For other countries, the successful signing of the free trade pact is more of a message to the U.S. that no one man is indispensible, and that the progress of trade liberalization continues to move forward without them.
However, the withdrawal of the U.S. is not a purely mathematical subtraction, especially in the case of Canada.
|Canadian Prime Minister Justin Trudeau smiles as he gets into his car after landing in Da Nang, Vietnam for the APEC leaders' summit, November 10, 2017. Photo: Tuoi Tre|
The NAFTA silhouette
A common challenge faced by Canada and Mexico in TPP-11 talks is that they are simultaneously joining negotiations with the U.S. for NAFTA.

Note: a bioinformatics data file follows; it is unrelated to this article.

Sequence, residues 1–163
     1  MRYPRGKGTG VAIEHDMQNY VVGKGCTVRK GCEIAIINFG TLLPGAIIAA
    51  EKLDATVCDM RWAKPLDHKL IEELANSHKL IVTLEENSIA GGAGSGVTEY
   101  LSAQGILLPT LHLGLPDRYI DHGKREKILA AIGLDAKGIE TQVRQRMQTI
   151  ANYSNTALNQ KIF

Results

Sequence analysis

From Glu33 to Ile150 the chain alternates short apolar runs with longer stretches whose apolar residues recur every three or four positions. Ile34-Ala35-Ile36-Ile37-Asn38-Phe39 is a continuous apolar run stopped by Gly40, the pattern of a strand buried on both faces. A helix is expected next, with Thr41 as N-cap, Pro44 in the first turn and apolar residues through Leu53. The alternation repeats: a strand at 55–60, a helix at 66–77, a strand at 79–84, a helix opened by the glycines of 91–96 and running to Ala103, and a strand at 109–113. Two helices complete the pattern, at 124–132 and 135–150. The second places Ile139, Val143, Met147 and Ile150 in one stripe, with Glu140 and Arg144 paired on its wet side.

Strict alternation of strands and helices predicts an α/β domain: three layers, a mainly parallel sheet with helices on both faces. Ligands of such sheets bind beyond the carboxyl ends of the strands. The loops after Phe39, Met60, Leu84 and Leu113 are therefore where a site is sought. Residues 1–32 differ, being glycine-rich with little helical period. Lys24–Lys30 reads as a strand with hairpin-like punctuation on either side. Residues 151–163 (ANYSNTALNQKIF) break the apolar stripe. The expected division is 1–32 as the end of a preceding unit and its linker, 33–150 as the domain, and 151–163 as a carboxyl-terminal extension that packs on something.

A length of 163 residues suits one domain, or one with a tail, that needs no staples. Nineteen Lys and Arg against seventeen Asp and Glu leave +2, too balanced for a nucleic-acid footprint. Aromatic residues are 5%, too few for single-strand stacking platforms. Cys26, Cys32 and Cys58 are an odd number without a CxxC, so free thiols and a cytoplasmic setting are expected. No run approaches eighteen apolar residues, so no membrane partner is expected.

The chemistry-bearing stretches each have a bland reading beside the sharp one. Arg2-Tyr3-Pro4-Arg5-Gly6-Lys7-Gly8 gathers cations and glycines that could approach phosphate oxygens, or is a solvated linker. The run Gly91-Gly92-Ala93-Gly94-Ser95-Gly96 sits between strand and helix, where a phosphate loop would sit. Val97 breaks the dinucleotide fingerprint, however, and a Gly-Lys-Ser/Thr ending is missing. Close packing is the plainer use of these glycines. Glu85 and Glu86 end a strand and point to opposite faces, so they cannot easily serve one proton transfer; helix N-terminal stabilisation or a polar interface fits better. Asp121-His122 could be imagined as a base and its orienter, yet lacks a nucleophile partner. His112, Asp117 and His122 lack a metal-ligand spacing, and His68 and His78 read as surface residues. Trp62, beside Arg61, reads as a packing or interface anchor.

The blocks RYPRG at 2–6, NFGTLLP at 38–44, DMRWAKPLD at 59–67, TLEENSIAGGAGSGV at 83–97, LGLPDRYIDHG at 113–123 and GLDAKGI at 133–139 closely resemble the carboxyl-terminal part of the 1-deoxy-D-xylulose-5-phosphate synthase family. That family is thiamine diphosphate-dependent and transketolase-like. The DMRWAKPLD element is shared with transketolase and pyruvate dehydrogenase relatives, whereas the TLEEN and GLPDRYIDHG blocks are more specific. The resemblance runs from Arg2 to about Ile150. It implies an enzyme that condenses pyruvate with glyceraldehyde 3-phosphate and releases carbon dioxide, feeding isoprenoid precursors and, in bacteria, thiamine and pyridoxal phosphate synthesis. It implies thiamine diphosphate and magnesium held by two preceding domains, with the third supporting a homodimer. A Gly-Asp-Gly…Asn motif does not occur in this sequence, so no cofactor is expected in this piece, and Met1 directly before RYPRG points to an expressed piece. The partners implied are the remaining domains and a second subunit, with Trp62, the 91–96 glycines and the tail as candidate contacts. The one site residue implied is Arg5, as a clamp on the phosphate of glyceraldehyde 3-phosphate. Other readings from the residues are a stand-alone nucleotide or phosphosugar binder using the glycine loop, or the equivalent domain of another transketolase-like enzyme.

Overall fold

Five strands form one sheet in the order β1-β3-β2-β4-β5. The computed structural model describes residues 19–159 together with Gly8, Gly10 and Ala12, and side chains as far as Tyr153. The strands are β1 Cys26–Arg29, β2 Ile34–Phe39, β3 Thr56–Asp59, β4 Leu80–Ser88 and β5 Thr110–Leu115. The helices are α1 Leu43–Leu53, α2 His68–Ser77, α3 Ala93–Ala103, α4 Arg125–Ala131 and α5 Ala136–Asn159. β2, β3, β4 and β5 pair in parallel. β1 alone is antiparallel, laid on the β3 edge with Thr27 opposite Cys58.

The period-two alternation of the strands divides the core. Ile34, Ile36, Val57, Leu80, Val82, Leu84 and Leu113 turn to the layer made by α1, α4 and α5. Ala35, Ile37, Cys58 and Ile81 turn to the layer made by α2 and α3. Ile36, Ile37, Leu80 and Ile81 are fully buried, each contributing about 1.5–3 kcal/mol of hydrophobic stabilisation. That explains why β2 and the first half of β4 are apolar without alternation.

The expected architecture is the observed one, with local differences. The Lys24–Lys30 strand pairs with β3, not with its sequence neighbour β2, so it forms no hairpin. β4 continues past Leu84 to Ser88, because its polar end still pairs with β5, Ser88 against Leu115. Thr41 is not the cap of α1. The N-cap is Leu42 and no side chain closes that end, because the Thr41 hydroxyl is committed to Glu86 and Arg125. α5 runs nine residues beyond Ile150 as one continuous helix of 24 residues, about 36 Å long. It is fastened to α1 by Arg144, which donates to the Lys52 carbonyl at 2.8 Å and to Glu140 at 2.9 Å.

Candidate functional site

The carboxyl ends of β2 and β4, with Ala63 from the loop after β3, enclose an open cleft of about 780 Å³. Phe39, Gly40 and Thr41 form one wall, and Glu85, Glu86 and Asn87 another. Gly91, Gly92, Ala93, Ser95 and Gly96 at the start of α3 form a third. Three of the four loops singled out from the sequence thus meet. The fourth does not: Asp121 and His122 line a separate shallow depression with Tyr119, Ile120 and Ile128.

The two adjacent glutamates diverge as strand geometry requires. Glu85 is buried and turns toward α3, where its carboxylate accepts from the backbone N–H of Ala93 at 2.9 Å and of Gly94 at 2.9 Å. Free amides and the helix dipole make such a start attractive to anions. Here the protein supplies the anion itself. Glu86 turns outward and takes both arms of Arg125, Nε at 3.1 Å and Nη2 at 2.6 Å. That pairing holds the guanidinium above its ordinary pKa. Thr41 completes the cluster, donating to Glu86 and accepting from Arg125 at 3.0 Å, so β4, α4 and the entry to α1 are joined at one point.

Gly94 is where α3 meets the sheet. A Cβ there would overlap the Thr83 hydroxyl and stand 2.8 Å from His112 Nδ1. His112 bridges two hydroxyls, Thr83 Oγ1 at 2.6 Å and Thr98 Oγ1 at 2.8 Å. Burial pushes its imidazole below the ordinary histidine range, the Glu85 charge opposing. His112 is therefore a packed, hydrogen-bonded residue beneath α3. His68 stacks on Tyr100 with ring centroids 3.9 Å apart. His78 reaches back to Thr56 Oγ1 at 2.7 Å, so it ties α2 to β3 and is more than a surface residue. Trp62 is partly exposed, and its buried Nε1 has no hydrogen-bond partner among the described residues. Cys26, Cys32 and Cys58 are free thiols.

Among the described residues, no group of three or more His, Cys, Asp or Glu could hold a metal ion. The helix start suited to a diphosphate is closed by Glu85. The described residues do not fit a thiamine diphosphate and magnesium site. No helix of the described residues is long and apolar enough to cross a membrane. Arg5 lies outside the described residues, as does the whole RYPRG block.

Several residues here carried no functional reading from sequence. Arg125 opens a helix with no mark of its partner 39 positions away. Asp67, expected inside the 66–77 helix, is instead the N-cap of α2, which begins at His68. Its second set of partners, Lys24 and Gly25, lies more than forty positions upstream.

There are a number of similar issues springing up during both talks, and it is not rocket science to realize where Canada and Mexico will place their priority.
If Ottawa hastily accepts the CPTPP, it will seriously weaken its hand in negotiations with the Trump administration.
Canada risks the U.S. asking why it would accept more lax conditions from an Asia-Pacific accord, and the U.S. remains its biggest trade partner.
Another technical aspect is that after the U.S. withdrawal from the pact, a number of chapters in the trade agreement have been used as the model for a new NAFTA.
For Canada, the similarity between the two deals is a thorny issue. If, for example, Canada decides to forego its status on the NAFTA negotiation table by agreeing to the CPTPP, it may be foregoing long-term benefits in favor of short-term ones.